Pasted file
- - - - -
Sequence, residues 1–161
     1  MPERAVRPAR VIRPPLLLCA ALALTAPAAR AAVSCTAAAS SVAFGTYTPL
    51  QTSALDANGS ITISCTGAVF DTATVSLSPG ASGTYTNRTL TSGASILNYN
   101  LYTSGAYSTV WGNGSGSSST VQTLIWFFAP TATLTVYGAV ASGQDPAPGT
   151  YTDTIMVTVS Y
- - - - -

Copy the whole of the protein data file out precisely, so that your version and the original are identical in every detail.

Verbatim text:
Sequence, residues 1–161
     1  MPERAVRPAR VIRPPLLLCA ALALTAPAAR AAVSCTAAAS SVAFGTYTPL
    51  QTSALDANGS ITISCTGAVF DTATVSLSPG ASGTYTNRTL TSGASILNYN
   101  LYTSGAYSTV WGNGSGSSST VQTLIWFFAP TATLTVYGAV ASGQDPAPGT
   151  YTDTIMVTVS Y